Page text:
For food, I recommend a good high quality pellet supplemented with frozen foods. I use OmegaOne betta buffet pellets--other good brands are Atison's Betta Pellets, Ken's Betta Crumbles, and New Life Spectrum. Always soak any dry food in a little tank water before feeding--this avoids bloating and discomfort caused by the food swelling in the fish's stomach as it absorbs moisture.

Gravel is optional in uncycled, unfiltered tanks. If you like the look of something on the bottom, you can use larger river stones or glass stones. You can find them at the pet store or at craft stores. If you choose to filter and cycle your tank, gravel is a good idea.

Always choose silk (fabric) plants. Run your fingers over the plastic stems to make sure there are no sharp protrusions. If you find any sharp pieces, you can file them away with a nail file. Live plants are awesome, by the way. There are some very hard to kill plants out there such as java moss that absorb the toxic waste your fish excretes, promoting good water quality. They're also very rewarding to cultivate and grow.

To clean your uncycled bowl during water changes, rinse everything with hot water including the tank itself, the decor, and gravel/rocks. If the tank is cycled and filtered, you won't need to clean it--just use a cheap gravel vacuum like this one every time you do a partial water change:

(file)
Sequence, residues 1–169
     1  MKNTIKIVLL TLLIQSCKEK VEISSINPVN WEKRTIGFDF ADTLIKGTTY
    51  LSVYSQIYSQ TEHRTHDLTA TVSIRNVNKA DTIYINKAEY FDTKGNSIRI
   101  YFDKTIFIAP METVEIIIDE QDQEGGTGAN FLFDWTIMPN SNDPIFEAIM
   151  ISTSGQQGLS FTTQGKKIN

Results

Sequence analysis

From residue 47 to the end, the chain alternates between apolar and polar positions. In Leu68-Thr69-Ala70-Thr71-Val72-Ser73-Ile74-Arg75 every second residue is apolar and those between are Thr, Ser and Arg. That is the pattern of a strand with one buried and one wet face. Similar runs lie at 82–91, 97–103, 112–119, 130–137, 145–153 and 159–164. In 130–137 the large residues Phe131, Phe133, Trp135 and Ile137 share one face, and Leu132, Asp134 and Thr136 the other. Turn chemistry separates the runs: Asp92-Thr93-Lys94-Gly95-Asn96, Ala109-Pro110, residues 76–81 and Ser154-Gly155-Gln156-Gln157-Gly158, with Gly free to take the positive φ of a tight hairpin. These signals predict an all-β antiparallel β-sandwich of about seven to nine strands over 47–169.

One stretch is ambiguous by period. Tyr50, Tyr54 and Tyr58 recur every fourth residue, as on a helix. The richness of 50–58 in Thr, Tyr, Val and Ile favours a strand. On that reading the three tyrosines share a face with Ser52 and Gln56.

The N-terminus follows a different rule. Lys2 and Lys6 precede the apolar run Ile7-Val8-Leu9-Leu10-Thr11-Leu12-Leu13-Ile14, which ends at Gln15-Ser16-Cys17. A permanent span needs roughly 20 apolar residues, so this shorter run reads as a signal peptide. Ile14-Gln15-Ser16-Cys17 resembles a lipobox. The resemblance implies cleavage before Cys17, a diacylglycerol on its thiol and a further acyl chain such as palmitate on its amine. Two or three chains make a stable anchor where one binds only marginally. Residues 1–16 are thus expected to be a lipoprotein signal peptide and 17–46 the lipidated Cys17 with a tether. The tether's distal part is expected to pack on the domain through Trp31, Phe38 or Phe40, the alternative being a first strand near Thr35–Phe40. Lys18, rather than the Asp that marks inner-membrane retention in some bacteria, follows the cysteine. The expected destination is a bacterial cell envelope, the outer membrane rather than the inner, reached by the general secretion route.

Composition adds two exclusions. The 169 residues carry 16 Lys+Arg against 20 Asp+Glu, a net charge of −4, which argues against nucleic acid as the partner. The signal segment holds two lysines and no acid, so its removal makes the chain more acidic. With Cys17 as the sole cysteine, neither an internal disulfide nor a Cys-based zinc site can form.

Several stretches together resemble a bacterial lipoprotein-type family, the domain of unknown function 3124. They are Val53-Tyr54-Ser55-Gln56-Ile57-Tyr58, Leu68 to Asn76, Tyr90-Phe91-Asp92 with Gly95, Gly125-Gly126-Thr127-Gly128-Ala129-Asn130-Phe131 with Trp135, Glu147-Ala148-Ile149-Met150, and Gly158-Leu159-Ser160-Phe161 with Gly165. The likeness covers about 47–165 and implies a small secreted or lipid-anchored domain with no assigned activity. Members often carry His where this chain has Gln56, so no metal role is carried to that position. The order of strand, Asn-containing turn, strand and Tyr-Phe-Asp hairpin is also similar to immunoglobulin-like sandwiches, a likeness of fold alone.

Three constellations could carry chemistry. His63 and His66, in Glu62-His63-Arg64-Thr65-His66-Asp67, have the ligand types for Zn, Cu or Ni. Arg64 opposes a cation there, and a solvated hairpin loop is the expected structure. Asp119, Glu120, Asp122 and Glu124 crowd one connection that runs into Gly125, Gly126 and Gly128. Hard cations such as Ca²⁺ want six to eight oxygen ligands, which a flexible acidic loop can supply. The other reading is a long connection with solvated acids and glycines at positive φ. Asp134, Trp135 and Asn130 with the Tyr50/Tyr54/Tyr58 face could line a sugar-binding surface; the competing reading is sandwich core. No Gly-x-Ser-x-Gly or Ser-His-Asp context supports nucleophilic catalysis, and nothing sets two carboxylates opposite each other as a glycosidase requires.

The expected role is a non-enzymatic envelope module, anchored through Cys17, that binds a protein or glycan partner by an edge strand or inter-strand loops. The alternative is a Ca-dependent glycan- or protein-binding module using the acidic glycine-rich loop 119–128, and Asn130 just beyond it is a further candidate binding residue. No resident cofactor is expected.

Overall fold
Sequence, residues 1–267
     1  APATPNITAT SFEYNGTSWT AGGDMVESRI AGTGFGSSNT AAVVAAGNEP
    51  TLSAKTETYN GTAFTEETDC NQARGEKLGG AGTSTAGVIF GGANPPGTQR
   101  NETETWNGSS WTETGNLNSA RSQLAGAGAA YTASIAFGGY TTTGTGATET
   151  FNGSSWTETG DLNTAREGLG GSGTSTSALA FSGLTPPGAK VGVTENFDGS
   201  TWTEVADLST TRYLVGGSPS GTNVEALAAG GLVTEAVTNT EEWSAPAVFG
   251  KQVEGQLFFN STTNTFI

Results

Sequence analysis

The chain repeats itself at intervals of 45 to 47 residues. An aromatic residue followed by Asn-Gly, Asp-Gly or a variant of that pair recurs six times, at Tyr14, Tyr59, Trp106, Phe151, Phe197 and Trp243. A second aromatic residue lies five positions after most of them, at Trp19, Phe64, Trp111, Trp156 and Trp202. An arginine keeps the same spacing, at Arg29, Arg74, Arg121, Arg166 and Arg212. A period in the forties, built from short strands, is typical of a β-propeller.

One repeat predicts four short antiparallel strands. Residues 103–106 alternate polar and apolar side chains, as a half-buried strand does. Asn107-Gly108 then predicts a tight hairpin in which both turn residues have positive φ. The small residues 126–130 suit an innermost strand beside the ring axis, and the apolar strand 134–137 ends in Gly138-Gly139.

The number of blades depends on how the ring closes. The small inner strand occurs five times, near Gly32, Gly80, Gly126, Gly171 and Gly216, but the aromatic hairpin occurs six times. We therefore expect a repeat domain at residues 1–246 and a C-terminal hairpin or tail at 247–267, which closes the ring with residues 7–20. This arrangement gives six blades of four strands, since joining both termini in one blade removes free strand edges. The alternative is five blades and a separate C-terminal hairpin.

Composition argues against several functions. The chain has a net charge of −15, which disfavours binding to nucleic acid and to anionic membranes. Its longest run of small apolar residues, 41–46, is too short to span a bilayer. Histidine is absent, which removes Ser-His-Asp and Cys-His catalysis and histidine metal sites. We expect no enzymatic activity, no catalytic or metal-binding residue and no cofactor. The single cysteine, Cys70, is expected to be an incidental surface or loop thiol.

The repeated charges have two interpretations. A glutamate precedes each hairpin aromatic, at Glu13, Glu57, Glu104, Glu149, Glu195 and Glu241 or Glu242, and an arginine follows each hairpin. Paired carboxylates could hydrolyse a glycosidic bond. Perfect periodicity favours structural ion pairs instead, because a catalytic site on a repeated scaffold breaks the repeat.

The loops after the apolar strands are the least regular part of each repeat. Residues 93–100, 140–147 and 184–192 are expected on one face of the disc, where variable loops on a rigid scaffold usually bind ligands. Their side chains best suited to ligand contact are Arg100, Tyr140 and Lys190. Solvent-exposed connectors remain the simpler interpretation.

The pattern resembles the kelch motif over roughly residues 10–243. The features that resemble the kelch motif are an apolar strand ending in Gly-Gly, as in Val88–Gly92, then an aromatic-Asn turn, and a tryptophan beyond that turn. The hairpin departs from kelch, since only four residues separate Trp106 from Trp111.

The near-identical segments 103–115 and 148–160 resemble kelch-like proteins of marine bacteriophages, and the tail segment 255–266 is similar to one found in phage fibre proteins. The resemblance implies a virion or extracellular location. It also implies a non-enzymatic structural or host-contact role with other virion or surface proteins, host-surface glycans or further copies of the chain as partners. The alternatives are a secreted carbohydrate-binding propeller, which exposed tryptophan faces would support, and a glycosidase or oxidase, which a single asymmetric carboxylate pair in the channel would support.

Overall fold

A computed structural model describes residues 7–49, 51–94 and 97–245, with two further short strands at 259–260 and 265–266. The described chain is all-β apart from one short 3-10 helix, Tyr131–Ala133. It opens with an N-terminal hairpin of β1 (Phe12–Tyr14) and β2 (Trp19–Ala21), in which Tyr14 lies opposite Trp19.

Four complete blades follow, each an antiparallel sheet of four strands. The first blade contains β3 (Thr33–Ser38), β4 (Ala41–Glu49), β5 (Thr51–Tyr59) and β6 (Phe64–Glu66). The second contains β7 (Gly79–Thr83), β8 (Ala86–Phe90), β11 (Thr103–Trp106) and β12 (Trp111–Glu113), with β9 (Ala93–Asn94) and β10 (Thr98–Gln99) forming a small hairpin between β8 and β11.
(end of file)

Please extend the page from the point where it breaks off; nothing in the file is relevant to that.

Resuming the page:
Your betta will be fine without food for a few days--I have left mine for a week without food a few times for family vacations. However, food is not the issue when you're dealing with small, uncycled and unfiltered tanks. The issue is how much the water quality deteriorates without the needed water changes. You should definitely plan on taking your betta home for the holidays, and don't plan on leaving your fish long enough to skip a water change. Uncycled and unfiltered tanks don't give you much room for error in terms of water quality.
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I suggest getting a kit. 1.5 is too small to keep a betta happy and healthy. The rule is 2 gallons MINIMUIM! The bigger the better. I have mine in a 5 and he loves it. Go for a kit that has a light, a filter, and a heater if they have one. If not get a kit with just a light and buy a small heater. The temp should be around 81/81 degrees idealy at all times. For water, you can use tap water and buy water conditioner. This eliminates ammonia and chlorine and provides safe water for your fish. 3 Pellets every other day and a bloodworm in between will be a great diet for your fish. Gravel is nice to dig plants into and gives the fish a more natural feeling for his enviroment, so I suggest it yes. As for plants yes sometimes plastic ones can tear fins so other than real ones silk are a good compromise! Cleaning depends on the size of the tank 20-30 % twice weekly is good! and 100% every 2-3 weeks should be great! And lastly as for leaving, you can leave him for two days as long as he is fed right before you leave. During longer breaks I suggest transporting him. I am sure more members will give info too! Happy fish keeping!!